I find the evidence for the existence of this entity when he tells me things like "I threw a stone at the dog because my friend told me to."
"The TV says 'don't go away', so I am sitting right here." ("Don't go away! Cartoon Network will return right after this short break!")

As he grew, he started pondering over my words, and then he learned to hesitate, or refuse, to obey.

That tiny unit remains intact even as we grow, partly dormant, sometimes shaking itself awake with a yawn, and makes us want to obey every direct order we get.

How else can I explain the urge to obey when Google tells me authoritatively that I haven't fed my mobile number to it and I'd better do it immediately?

Or when Facebook says, my email account and FB profile aren't linked, and that some of my friends have gone bonkers trying to locate me on FB, and it's my duty to save their lives by linking my profiles?

Or when one of those job profile websites ask me to complete my resumé, lest some ill fate befall me before the day is out?

Or when some unknown site pops up at me and says Click here to know your future! I don't want to know my future, but I unknowingly move my mouse towards the window as if in a trance, before I snap awake, realise what I am doing and stop.

I feel guilty - as though I am breaking a few rules - when I resist that urge to do things these robot monsters suggest, and when I refuse to give in to their demands. I feel as though I am not being a good girl. I would so love to get a pat on the back from Google when I fill in my personal number, the way my son gets one when he is being good.

It must be that tiny trait called obedience, that still lurks inside...

Wednesday, March 28, 2012

Habits

I call up the supermarket guy and ask him to deliver a few items to my house.
He says Okay. I say Thank You.
He says Thank You.

The home delivery boy comes and hands over the packets.
I pay him. I say Thank You.
He says Thank You.

The auto driver drops me to my apartment.
I pay him and say Thank You.
He says Okay.

I call up the Broadband Support and lodge a complaint.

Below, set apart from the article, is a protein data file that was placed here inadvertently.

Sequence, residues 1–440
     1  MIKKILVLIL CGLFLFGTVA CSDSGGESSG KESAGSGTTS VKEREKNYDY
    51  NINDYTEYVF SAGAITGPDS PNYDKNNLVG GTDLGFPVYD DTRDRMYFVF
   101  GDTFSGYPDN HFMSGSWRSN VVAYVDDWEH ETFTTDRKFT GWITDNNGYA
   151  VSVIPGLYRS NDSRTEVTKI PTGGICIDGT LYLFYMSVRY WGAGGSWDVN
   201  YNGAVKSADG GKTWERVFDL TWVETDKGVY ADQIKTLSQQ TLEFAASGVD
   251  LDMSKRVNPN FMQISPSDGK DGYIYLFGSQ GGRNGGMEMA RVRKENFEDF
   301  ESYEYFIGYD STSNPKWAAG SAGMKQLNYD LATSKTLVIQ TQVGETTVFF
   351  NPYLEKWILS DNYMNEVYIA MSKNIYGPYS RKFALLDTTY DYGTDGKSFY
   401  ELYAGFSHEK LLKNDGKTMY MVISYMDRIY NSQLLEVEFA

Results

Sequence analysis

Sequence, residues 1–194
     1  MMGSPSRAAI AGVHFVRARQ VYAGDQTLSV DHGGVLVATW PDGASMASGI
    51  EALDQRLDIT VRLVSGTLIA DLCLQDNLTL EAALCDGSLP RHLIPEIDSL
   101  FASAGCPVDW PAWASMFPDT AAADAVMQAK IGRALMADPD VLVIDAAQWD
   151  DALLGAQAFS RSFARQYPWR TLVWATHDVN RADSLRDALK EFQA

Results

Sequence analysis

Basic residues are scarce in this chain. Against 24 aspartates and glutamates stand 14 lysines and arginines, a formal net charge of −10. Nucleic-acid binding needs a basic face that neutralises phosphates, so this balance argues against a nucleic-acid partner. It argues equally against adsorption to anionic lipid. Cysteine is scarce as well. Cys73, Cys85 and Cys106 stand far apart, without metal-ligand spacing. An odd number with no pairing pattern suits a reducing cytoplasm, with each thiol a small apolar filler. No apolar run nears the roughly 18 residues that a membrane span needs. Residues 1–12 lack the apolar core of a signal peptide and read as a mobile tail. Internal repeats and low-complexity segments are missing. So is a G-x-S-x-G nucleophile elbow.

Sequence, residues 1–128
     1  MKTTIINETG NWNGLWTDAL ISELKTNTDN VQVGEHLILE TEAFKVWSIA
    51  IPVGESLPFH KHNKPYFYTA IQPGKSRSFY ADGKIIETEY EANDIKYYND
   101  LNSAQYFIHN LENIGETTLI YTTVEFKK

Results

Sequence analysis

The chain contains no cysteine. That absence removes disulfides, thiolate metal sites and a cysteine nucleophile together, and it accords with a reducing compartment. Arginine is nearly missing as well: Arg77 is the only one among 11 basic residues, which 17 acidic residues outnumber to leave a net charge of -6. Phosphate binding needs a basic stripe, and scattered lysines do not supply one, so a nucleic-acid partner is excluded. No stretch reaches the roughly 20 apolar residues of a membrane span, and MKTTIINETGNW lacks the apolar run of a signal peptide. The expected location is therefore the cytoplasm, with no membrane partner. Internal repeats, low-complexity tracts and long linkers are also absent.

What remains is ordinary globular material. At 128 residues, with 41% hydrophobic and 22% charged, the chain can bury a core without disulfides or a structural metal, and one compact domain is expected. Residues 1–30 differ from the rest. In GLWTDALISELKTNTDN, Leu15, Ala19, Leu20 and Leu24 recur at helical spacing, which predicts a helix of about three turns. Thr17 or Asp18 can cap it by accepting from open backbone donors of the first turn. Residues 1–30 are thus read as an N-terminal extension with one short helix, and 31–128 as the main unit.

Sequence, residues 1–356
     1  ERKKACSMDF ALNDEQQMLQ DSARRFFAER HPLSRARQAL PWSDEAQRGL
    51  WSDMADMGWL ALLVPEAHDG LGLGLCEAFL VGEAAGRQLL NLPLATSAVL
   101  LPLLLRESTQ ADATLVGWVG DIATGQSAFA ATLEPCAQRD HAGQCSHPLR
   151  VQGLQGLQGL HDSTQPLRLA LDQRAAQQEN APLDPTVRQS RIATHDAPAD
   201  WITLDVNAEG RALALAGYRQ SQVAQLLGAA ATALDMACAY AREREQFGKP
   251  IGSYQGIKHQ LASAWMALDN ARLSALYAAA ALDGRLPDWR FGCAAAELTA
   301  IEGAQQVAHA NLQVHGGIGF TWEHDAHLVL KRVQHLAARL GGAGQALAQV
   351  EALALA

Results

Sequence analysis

They fix it and call me back.
I say Thank You.
They say No problem.

He comes up with a new idea and implements it.
His colleagues say Awesome.
He says Thank You.
They say You're welcome.

She steps on a cat's tail as she hurries out.
She says Sorry.
The cat says Meow.

Hollow words, borne out of habit.

My niece gives a parcel to my son when she comes to visit.
He opens it and peers inside. I ask him what it contains.
He says, Biscuits and Gulab Jamun.
I ask, Did you say Thank you?
He shakes his head with an embarrassed smile.
He comes to me and whispers loudly, Can I have the Gulab Jamun now?
I nod, beaming.
My niece has got her Thank You.

Sunday, March 25, 2012

This day, that year


I don't think I will forget very easily. I don't think I even want to. Maybe over time I will.
It has already begun to fade from memory. This year I had to look it up to confirm it is 25th, and not 26th.
The day when all those loose ends in life came together and broke into a crescendo, while I watched alone, from the audience.
Events prior had their culmination on this day, and events later, their origin.
Some would say, it is important to forget.
I disagree.
It is important to remember. Because it was one of the toughest tests of all time.
More than the surprise and horror of it all, it showed me how vulnerable I really am. All those pretensions were a myth. All those beliefs were someone's cruel joke. All those assurances were fake.
The awareness that I was indeed alone in the audience. The rest of the folk were an illusion that vanished when I looked around.
Though things did change hence, who can tell if they changed for better or worse?
What came out was the realisation that Bad things happen, there's not much we can do to avert it. Much of what we could do amounts to preparing for the inevitable and trying to cushion the fall.
Expect the worst.
Once you have walked through fire you are no longer afraid of a spark from the matchbox.

Remembering is important.
So that we don't forget there are thorns in the bed of roses.

The blood could always be washed away like Lady MacBeth did, but I do not know how many of them still walk in their sleep, trying to scrub their hands clean.

Friday, March 23, 2012

This too shall pass

Ache. That's what it is, primarily. Ache, clubbed with mild fear.